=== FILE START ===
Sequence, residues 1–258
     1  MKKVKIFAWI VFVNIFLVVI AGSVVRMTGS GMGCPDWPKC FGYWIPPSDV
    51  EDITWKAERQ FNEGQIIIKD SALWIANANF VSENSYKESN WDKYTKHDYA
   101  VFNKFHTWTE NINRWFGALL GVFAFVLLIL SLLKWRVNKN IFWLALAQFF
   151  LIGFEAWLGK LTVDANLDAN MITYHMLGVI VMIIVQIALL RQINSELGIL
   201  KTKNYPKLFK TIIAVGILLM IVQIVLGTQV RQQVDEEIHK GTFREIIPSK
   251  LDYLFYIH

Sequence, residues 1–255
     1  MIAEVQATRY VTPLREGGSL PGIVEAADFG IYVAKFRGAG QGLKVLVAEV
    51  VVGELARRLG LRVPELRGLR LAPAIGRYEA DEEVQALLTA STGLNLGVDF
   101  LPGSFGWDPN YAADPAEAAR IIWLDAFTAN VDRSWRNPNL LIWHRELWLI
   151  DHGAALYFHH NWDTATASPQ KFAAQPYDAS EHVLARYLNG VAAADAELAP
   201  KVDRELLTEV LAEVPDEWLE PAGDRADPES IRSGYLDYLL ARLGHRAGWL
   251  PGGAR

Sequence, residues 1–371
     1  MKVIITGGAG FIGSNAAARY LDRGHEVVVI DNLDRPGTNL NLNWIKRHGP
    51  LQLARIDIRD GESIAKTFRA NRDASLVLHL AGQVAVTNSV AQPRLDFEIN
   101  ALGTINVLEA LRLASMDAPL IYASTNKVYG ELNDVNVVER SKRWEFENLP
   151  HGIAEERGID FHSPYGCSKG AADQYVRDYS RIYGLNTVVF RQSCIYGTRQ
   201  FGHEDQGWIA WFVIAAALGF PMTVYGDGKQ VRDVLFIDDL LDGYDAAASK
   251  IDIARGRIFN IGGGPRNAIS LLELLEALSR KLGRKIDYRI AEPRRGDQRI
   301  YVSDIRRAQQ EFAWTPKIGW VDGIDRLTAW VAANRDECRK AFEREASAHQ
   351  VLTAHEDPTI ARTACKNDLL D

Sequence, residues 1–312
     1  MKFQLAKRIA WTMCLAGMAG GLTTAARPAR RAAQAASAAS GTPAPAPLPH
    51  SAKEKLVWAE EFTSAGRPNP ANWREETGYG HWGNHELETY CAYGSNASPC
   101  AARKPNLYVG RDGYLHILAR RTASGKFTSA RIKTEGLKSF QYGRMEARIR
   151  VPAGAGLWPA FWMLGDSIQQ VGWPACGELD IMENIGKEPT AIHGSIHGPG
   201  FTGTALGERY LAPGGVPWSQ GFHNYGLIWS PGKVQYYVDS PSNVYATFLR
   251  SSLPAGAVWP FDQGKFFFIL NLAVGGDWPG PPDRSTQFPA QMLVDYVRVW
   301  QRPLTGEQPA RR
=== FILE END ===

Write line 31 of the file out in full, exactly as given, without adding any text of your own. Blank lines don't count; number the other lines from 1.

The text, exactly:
   301  QRPLTGEQPA RR